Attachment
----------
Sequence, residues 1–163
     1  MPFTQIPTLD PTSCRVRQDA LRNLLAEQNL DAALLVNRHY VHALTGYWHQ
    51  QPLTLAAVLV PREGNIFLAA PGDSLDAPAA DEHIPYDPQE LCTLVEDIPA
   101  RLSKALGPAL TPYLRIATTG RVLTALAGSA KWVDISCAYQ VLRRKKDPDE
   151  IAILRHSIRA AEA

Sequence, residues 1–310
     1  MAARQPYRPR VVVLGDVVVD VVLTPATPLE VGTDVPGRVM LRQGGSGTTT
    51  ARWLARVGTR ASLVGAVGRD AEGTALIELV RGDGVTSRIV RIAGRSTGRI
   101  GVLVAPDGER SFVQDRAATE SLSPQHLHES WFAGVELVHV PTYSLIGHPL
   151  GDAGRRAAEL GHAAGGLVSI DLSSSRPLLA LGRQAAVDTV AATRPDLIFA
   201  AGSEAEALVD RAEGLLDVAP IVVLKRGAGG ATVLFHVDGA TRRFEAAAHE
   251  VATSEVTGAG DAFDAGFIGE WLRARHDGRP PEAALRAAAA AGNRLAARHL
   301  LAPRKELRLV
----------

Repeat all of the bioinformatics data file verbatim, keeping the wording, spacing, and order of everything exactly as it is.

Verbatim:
Sequence, residues 1–163
     1  MPFTQIPTLD PTSCRVRQDA LRNLLAEQNL DAALLVNRHY VHALTGYWHQ
    51  QPLTLAAVLV PREGNIFLAA PGDSLDAPAA DEHIPYDPQE LCTLVEDIPA
   101  RLSKALGPAL TPYLRIATTG RVLTALAGSA KWVDISCAYQ VLRRKKDPDE
   151  IAILRHSIRA AEA

Sequence, residues 1–310
     1  MAARQPYRPR VVVLGDVVVD VVLTPATPLE VGTDVPGRVM LRQGGSGTTT
    51  ARWLARVGTR ASLVGAVGRD AEGTALIELV RGDGVTSRIV RIAGRSTGRI
   101  GVLVAPDGER SFVQDRAATE SLSPQHLHES WFAGVELVHV PTYSLIGHPL
   151  GDAGRRAAEL GHAAGGLVSI DLSSSRPLLA LGRQAAVDTV AATRPDLIFA
   201  AGSEAEALVD RAEGLLDVAP IVVLKRGAGG ATVLFHVDGA TRRFEAAAHE
   251  VATSEVTGAG DAFDAGFIGE WLRARHDGRP PEAALRAAAA AGNRLAARHL
   301  LAPRKELRLV